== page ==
Blue Devil of the Week: The Dream Job Coach

Meg Flournoy preps Fuqua students and alumni seeking health sector careers

Meg Flournoy works with Fuqua School of Business students interested in careers in the health sector. Photo by Jonathan Black.
Meg Flournoy works with Fuqua School of Business students interested in careers in the health sector. Photo by Jonathan Black.

Name: Meg Flournoy 

Title: Sector Director of Healthcare, The Career Management Center at the Fuqua School of Business

Years at Duke: 15

What she does at Duke: Meg Flournoy assists Fuqua School of Business students and alumni interested in the health sector. Flournoy’s role involves career coaching, interviewing preparation and connecting them with fellow Duke community members working in the field. 

Some days Flournoy feels like she’s traveled the world without leaving her desk.

She meets with a student to discuss internship opportunities in Asia. The next appointment could be a Skype call to help a Global Executive MBA in France to prep for an interview. No matter the reason for the meeting, Flournoy uses her background with counseling psychology in career coaching. 

“Oftentimes students are uncertain about their career path, overwhelmed with options or sometimes discouraged,” Flournoy said. “I always like to learn about the student, what brings them energy, meaning and purpose. I’ll often ask them to tell me about a time when they felt great. I want to put them in a positive mindset.” 

Flournoy travels every few months to places like San Francisco and Boston to meet with alumni working in the health sector. Her position also takes her abroad. Flournoy has visited alumni or traveled on a global residency with MBA students in India, China, South America, Turkey and Hong Kong.  These experiences enrich Flournoy’s curiosity and love for students and alumni from all over the world.

She keeps track of Fuqua alumni working in the health sector by maintaining a spreadsheet that lists former students and where they work. This helps Flournoy stay connected with alumni, and the healthcare industry sector.  

“It’s really important for me to stay connected with alumni,” Flournoy said. “Alumni keep me updated on the job market and are valuable resources to our current students.” 

What she loves about Duke: Flournoy values hearing talks from political leaders, listening to world-class music, attending sporting events and going to an art exhibition at Duke. 

“I love taking advantage of all the cultural opportunities at Duke,” she said. “It’s so amazing to be part of the Duke community.”

Memorable day at work: In 2009, Flournoy traveled with the “Global Academic Travel Experience,” a course in which students focus on a region’s history, politics, economy and culture, to Vietnam, Thailand and Singapore. 

Meg Flournoy poses for a photo in front of the Hagia Sophia in Istanbul, Turkey. Photo courtesy of Meg Flournoy.“I hadn’t traveled globally much before then,” Flournoy said. “It helped me connect with international students in a deeper way. I learned what it was like to experience a brand new culture for the first time. I can relate more to the mixture of fear and excitement the international students feel being in Durham for the first time.”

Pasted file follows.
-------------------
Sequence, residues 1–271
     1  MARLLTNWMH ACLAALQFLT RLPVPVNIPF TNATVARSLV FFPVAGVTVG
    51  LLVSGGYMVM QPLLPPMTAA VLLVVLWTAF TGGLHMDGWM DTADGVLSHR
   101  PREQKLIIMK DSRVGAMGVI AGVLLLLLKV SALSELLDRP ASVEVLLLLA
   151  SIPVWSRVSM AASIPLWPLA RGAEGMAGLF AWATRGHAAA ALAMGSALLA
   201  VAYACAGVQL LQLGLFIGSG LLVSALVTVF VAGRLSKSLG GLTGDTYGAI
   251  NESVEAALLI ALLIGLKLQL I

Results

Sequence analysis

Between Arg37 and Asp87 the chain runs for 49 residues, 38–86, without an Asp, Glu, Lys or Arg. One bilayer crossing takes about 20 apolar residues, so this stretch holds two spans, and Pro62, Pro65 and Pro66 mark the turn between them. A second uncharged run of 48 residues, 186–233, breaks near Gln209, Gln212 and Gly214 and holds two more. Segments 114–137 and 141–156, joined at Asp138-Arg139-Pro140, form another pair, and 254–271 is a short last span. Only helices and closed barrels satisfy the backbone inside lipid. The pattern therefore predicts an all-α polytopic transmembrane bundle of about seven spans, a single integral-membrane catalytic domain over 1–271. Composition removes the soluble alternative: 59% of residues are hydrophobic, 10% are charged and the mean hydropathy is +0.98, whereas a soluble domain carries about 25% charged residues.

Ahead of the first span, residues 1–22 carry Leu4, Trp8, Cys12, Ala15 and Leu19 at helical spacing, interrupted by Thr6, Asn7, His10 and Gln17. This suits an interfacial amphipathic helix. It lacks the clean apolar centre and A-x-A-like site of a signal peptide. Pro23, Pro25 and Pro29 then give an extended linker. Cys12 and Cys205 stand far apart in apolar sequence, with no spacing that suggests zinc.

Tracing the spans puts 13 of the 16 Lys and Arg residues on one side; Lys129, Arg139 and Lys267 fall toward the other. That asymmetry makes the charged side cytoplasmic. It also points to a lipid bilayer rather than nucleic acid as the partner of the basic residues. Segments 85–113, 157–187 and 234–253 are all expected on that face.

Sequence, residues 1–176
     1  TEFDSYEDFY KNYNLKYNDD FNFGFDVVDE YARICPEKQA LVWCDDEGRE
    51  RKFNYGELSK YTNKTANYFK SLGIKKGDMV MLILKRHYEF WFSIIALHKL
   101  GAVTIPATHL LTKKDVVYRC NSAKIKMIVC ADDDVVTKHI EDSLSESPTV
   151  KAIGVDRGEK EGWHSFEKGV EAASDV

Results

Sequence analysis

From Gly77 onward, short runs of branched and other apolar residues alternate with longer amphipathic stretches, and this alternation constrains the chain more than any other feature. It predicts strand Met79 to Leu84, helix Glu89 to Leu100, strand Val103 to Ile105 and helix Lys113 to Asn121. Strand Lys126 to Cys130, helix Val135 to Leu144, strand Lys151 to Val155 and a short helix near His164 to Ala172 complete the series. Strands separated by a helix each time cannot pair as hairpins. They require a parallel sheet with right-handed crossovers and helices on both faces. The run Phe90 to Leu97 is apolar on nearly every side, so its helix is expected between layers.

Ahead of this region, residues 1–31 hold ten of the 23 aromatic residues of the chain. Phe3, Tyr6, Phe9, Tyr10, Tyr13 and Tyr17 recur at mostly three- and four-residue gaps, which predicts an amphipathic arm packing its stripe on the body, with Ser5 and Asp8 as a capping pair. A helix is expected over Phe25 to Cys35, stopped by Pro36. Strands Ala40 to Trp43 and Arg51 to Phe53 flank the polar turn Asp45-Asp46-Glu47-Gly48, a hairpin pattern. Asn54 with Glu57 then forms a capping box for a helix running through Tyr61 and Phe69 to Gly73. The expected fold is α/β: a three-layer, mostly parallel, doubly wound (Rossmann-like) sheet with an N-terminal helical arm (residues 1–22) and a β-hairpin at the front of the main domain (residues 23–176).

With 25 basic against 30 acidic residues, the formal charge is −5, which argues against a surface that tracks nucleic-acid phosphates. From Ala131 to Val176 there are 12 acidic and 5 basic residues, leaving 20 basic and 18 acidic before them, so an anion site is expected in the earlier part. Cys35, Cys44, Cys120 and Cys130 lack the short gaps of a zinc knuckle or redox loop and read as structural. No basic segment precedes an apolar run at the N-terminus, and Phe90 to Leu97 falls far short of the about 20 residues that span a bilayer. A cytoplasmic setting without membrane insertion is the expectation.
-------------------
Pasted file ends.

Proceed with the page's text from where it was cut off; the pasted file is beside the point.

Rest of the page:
Special object in her workplace: Flournoy likes to have a little seasonal décor in her office. She breaks out pumpkins in the fall, Duke basketball swag during the winter and a zen garden during the peak of student interview season.  

“I want students to exhale and feel a sense of calm from their day to day stress when they come into my office,” she said. 

But Flournoy’s favorite object is a small sign given to her that says, “Love what you do.” She positioned the sign so it’s in the line of sight of students who meet with her. 

“I hope it sends a subtle message to them,” she said. “It’s important to me that they find a career they love.” 

Best advice she’s received: “You can learn to love new places.”

Flournoy learned that advice from Trudy Cunningham, former associate dean of Engineering at Bucknell University, when she finished her undergraduate degree. Whenever a change or something new has come along, Flournoy finds herself thinking about learning to love new places or opportunities.

“Trudy’s advice has stayed with me whenever I’m making a change in my life,” Flournoy said.

First ever job: Flournoy worked at a small grocery store in Center Ossipee, New Hampshire. The town was a popular tourist destination because of its proximity to Ossipee Lake. 

“I loved seeing all the different people that come from out of town to the lake,” she said. “Everybody would talk and chat, and I would just listen their stories.”

Something most people don’t know about her: Flournoy loves to play tennis.  After not playing for many years, she and her husband recently started playing again at the Duke Faculty Club.

Is there a colleague at Duke who has an intriguing job or goes above and beyond to make a difference? Nominate that person for Blue Devil of the Week.